I’ve moved!

Into a brand new, very pretty blog! That’s where I’ll be updating from now on. Don’t worry, I’ve moved all my old content.

Join me! www.dyeingtoknit.com

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I just spit chocolate muffin on my screen….

I ran across this site surfing through my Wednesday Morning Coffee™, accompanied by a home made chocolate muffin. (Recipe below because they’re amazing. Bonus – they’re wheat free.) It’s really funny and my computer has suffered for it. Not to mention I’m now entitled to a second muffin since I spit a good portion of this one onto my computer.

Warning: there is some profanity. So if you’re at work or have children who can read over your shoulder, you are warned.

Regretsy.com

Wheat Free, Gluten Free Chocolate Muffins That Taste Like Dessert

My recipe, which I invented yesterday inspired by the Gluten Free Goddess’ Chocolate Muffin recipe is below. My husband is allergic to wheat, and I’ve been learning how to bake gluten free things that actually taste good. It’s harder than it sounds, and you need an arsenal of flours to do it. However, once you get a good non-wheat flour mix down, you can really make some tasty baked goods. Some I even prefer to regular wheat containing baked goods because they  have a superior texture & don’t get gummy the next day.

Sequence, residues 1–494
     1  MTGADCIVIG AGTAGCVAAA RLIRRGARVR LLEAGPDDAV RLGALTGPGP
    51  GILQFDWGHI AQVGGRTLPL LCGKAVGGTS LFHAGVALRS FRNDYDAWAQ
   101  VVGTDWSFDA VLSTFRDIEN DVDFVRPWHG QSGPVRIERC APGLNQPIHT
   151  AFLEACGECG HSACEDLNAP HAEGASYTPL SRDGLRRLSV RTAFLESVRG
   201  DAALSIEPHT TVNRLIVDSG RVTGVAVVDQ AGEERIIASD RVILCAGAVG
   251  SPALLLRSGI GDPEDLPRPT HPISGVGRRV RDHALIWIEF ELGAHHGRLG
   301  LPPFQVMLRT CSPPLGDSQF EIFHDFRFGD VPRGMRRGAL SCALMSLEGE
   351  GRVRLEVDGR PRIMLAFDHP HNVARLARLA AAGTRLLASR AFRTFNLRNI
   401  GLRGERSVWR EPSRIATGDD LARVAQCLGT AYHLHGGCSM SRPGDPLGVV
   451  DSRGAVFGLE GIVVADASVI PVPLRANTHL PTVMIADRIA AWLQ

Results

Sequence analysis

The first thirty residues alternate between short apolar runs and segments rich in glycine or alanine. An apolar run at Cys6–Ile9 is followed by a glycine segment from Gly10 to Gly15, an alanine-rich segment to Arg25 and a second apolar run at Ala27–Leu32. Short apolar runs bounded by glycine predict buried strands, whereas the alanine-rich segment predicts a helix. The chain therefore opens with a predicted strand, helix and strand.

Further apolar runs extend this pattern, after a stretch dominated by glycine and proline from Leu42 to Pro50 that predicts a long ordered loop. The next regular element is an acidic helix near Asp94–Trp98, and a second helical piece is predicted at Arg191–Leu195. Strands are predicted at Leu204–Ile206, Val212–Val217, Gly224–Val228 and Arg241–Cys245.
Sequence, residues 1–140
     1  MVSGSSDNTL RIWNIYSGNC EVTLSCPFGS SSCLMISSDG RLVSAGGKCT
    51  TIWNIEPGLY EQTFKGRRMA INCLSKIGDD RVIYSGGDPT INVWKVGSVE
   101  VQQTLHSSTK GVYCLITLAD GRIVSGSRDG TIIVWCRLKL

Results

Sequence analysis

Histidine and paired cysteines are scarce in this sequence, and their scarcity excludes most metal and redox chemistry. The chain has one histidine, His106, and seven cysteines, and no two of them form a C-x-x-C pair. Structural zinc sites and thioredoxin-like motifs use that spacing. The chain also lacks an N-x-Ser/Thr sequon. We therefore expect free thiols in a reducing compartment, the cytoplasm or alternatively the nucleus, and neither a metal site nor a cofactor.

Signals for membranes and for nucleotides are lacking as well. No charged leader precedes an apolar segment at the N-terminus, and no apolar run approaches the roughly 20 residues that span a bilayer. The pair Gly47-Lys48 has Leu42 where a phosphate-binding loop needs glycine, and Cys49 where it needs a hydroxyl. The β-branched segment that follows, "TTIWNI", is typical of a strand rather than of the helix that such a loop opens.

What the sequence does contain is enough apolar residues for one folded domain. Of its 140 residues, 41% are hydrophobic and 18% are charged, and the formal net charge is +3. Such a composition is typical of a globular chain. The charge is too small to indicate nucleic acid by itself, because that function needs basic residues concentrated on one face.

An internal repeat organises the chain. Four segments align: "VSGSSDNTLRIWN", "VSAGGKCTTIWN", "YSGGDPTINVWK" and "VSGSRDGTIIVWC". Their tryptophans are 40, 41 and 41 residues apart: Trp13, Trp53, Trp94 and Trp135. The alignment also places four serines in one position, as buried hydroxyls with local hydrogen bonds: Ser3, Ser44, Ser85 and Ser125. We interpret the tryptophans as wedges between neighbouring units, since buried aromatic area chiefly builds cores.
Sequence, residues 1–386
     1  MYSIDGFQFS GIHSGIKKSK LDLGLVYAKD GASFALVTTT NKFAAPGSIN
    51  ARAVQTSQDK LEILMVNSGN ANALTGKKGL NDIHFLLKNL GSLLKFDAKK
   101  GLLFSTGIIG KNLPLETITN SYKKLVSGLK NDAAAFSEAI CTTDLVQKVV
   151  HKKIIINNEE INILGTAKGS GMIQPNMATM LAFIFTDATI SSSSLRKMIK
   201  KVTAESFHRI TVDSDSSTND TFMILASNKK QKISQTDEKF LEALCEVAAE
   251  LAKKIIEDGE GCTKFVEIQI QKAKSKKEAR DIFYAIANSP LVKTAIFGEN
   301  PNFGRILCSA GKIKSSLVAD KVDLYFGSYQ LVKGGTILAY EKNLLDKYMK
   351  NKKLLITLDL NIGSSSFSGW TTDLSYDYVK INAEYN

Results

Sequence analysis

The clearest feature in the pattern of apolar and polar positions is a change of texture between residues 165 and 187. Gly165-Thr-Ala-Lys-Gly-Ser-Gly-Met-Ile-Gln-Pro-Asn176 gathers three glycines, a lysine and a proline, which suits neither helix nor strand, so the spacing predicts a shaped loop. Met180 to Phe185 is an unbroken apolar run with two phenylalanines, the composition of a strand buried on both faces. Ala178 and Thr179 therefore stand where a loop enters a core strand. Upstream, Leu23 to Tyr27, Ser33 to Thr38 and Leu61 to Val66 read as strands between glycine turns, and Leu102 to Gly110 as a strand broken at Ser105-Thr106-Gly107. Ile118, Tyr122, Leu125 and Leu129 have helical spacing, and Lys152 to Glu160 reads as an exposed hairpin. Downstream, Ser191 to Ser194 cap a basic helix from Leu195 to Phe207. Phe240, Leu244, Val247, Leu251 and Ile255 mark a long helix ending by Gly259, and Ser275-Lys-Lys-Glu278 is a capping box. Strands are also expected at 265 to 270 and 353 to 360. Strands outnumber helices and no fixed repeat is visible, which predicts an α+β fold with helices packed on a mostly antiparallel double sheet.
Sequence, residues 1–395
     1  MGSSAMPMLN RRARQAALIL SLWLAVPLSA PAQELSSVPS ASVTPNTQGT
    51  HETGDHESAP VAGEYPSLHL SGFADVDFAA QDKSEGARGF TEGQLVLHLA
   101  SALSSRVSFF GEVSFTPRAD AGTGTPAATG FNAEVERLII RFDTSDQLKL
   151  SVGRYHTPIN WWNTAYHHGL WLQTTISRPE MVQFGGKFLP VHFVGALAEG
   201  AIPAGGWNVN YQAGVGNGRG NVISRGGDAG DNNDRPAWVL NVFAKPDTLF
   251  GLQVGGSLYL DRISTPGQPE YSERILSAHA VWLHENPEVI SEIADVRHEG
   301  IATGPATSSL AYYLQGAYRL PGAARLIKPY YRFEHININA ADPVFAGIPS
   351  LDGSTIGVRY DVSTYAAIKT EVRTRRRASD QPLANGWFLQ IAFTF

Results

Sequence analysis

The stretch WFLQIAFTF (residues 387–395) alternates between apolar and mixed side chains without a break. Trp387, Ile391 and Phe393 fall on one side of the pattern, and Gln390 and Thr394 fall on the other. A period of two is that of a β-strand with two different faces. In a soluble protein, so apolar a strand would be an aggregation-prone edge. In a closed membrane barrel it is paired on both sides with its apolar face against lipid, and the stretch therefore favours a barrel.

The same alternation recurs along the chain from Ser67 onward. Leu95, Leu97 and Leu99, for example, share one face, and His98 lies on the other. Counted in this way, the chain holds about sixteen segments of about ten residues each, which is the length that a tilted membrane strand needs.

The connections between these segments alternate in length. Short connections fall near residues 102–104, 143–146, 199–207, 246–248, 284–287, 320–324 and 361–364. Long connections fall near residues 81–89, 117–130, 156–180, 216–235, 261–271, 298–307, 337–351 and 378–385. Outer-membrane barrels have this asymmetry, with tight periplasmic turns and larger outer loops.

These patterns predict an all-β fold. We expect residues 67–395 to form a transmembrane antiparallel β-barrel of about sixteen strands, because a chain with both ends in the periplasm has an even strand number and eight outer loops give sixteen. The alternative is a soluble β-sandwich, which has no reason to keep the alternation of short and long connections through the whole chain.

The secret to the recipe below is that you need superfine Brown Rice Flour. Right now, it’s only available from Authentic Foods & it’s expensive to buy and ship. (But worth it if you can’t have wheat flour because the texture is far superior to the coarser ground stuff available in your local store.) Luckily Authentic Foods distributes through Amazon, so you can get it that way if you prefer.

If you have access to a super fast blender like a Vita Mix (my regular blender doesn’t cut it) you can blend regular brown rice flour into super fine rice flour in no time. Thanks Mom, for letting me use your Vita Mix!